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Biomolecular Concepts

Editor-in-Chief: Jollès, Pierre / Mansuy, Isabelle

Editorial Board Member: Avila, Jesus / Bonetto, Valentina / Cera, Enrico / Jorgensen, Erik / Jörnvall, Hans / Lagasse, Eric / Norman, Robert / Pinna, Lorenzo / Raghavan, K. Vijay / Venetianer, Pal / Wahli, Walter

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CiteScore 2016: 2.39

SCImago Journal Rank (SJR) 2016: 0.753
Source Normalized Impact per Paper (SNIP) 2016: 0.567

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1868-503X
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Lessons from mammalian hibernators: molecular insights into striated muscle plasticity and remodeling

Shannon N. TessierORCID iD: http://orcid.org/0000-0003-2373-232X
  • Department of Surgery and Center for Engineering in Medicine, Massachusetts General Hospital and Harvard Medical School, Building 114 16th Street, Charlestown, MA 02129, USA
  • ORCID iD: http://orcid.org/0000-0003-2373-232X
/ Kenneth B. Storey
  • Corresponding author
  • Institute of Biochemistry and Department of Biology, Carleton University, 1125 Colonel By Drive, Ottawa K1S 5B6, Ontario, Canada
  • Email:
Published Online: 2016-03-16 | DOI: https://doi.org/10.1515/bmc-2015-0031

Abstract

Striated muscle shows an amazing ability to adapt its structural apparatus based on contractile activity, loading conditions, fuel supply, or environmental factors. Studies with mammalian hibernators have identified a variety of molecular pathways which are strategically regulated and allow animals to endure multiple stresses associated with the hibernating season. Of particular interest is the observation that hibernators show little skeletal muscle atrophy despite the profound metabolic rate depression and mechanical unloading that they experience during long weeks of torpor. Additionally, the cardiac muscle of hibernators must adjust to low temperature and reduced perfusion, while the strength of contraction increases in order to pump cold, viscous blood. Consequently, hibernators hold a wealth of knowledge as it pertains to understanding the natural capacity of myocytes to alter structural, contractile and metabolic properties in response to environmental stimuli. The present review outlines the molecular and biochemical mechanisms which play a role in muscular atrophy, hypertrophy, and remodeling. In this capacity, four main networks are highlighted: (1) antioxidant defenses, (2) the regulation of structural, contractile and metabolic proteins, (3) ubiquitin proteosomal machinery, and (4) macroautophagy pathways. Subsequently, we discuss the role of transcription factors nuclear factor (erythroid-derived 2)-like 2 (Nrf2), Myocyte enhancer factor 2 (MEF2), and Forkhead box (FOXO) and their associated posttranslational modifications as it pertains to regulating each of these networks. Finally, we propose that comparing and contrasting these concepts to data collected from model organisms able to withstand dramatic changes in muscular function without injury will allow researchers to delineate physiological versus pathological responses.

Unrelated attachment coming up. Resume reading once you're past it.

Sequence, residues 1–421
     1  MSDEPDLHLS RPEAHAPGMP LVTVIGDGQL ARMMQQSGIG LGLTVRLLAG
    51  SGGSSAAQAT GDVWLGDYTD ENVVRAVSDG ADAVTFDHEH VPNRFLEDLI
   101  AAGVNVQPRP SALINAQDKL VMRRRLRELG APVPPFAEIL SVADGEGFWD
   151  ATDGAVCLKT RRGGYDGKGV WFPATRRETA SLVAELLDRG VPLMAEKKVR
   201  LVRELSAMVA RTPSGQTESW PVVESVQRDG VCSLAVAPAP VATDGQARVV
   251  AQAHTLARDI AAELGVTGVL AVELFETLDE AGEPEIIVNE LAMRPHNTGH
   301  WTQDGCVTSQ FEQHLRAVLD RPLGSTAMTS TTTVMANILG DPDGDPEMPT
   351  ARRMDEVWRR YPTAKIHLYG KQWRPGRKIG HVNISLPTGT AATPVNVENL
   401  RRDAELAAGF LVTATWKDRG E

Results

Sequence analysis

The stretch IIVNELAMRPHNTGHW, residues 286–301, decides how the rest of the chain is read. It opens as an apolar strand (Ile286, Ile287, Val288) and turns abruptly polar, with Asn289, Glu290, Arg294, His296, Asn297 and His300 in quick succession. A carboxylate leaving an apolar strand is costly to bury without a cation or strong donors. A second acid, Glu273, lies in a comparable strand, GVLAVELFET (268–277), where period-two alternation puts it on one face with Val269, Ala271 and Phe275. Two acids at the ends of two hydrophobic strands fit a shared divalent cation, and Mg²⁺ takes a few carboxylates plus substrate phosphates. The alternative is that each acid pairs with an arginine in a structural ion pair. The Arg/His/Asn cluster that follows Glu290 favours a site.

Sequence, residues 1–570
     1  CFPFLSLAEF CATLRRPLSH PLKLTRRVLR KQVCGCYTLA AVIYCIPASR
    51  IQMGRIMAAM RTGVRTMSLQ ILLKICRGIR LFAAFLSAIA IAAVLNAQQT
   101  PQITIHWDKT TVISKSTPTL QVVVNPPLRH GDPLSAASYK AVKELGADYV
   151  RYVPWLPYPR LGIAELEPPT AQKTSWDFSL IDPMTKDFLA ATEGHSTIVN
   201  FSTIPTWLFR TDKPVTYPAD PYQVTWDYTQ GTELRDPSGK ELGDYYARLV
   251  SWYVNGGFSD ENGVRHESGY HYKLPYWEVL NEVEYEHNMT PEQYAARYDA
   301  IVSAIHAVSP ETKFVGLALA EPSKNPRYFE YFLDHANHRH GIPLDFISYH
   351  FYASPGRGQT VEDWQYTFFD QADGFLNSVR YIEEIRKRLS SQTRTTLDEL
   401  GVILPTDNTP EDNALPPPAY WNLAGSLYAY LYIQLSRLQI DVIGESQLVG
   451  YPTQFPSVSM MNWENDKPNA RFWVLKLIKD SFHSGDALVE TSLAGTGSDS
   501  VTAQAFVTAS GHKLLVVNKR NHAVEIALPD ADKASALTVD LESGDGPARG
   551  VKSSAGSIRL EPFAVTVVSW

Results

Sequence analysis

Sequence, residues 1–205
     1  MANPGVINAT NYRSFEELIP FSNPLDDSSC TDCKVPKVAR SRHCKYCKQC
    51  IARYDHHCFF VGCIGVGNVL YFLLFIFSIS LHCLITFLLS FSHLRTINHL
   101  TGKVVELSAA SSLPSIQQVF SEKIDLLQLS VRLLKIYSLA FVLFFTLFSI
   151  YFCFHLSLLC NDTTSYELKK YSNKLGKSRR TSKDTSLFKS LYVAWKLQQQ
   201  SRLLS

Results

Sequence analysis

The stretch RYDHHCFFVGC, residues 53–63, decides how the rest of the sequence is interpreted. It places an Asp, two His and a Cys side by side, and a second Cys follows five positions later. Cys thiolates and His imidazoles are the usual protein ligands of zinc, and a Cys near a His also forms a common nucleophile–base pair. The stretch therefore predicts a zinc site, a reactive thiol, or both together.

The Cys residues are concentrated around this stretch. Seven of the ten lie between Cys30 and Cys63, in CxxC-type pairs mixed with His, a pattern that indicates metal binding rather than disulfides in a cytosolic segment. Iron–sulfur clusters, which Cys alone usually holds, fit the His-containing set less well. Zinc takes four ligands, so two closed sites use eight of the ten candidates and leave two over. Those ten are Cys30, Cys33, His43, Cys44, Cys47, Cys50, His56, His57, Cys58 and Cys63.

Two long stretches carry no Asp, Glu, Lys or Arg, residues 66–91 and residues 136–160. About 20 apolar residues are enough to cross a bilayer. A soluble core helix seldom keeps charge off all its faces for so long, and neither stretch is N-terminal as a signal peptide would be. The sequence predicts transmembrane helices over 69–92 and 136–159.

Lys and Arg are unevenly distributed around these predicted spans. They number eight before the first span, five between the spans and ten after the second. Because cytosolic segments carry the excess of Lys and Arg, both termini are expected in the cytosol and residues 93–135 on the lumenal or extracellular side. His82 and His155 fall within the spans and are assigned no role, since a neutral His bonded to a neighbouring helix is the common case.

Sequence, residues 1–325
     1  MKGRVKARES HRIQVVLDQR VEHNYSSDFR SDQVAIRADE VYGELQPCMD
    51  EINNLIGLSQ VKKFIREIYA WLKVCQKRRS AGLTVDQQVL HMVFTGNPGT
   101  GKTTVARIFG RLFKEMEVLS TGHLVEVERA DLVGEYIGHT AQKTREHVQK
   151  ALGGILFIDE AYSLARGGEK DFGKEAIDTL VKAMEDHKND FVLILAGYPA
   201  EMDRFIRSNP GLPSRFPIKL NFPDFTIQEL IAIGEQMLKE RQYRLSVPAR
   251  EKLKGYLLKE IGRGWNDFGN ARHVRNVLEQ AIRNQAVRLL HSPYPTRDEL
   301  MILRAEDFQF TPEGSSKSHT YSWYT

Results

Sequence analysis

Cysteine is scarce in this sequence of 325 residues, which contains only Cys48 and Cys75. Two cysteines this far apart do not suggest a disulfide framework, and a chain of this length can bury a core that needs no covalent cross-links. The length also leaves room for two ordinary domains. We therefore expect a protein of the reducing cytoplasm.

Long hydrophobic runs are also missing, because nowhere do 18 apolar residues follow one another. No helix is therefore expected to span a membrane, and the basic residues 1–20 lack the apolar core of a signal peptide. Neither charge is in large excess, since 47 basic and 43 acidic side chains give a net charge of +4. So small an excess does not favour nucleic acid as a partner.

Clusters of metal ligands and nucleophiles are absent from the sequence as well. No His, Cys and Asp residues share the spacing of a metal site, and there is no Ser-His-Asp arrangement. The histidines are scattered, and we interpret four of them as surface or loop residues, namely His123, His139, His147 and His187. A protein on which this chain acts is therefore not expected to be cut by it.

Keywords: antioxidant pathways; macroautophagy; mammalian hibernation; muscle mass; structural proteins; ubiquitin proteosomal machinery

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About the article

Corresponding author: Kenneth B. Storey, Institute of Biochemistry and Department of Biology, Carleton University, 1125 Colonel By Drive, Ottawa K1S 5B6, Ontario, Canada, e-mail:


Received: 2015-11-20

Accepted: 2016-01-21

Published Online: 2016-03-16

Published in Print: 2016-05-01


Citation Information: Biomolecular Concepts, ISSN (Online) 1868-503X, ISSN (Print) 1868-5021, DOI: https://doi.org/10.1515/bmc-2015-0031.

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